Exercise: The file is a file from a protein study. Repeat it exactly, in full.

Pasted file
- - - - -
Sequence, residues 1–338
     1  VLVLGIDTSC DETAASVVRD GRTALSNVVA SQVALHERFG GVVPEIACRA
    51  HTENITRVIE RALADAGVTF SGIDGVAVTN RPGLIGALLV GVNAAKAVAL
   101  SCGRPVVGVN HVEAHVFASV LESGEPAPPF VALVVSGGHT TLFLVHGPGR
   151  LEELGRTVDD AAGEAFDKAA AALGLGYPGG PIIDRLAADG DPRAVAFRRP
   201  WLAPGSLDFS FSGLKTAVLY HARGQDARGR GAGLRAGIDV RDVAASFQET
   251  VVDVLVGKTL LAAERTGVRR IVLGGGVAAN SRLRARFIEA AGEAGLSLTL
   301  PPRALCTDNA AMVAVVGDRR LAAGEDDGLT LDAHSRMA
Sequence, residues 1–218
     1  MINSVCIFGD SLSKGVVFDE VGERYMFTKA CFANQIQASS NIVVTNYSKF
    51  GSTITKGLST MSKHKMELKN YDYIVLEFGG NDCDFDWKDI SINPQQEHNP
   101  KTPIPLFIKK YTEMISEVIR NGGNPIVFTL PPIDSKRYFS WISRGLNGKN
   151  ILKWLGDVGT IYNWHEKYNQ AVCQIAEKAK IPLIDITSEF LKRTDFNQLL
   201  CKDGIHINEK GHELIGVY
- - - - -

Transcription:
Sequence, residues 1–338
     1  VLVLGIDTSC DETAASVVRD GRTALSNVVA SQVALHERFG GVVPEIACRA
    51  HTENITRVIE RALADAGVTF SGIDGVAVTN RPGLIGALLV GVNAAKAVAL
   101  SCGRPVVGVN HVEAHVFASV LESGEPAPPF VALVVSGGHT TLFLVHGPGR
   151  LEELGRTVDD AAGEAFDKAA AALGLGYPGG PIIDRLAADG DPRAVAFRRP
   201  WLAPGSLDFS FSGLKTAVLY HARGQDARGR GAGLRAGIDV RDVAASFQET
   251  VVDVLVGKTL LAAERTGVRR IVLGGGVAAN SRLRARFIEA AGEAGLSLTL
   301  PPRALCTDNA AMVAVVGDRR LAAGEDDGLT LDAHSRMA
Sequence, residues 1–218
     1  MINSVCIFGD SLSKGVVFDE VGERYMFTKA CFANQIQASS NIVVTNYSKF
    51  GSTITKGLST MSKHKMELKN YDYIVLEFGG NDCDFDWKDI SINPQQEHNP
   101  KTPIPLFIKK YTEMISEVIR NGGNPIVFTL PPIDSKRYFS WISRGLNGKN
   151  ILKWLGDVGT IYNWHEKYNQ AVCQIAEKAK IPLIDITSEF LKRTDFNQLL
   201  CKDGIHINEK GHELIGVY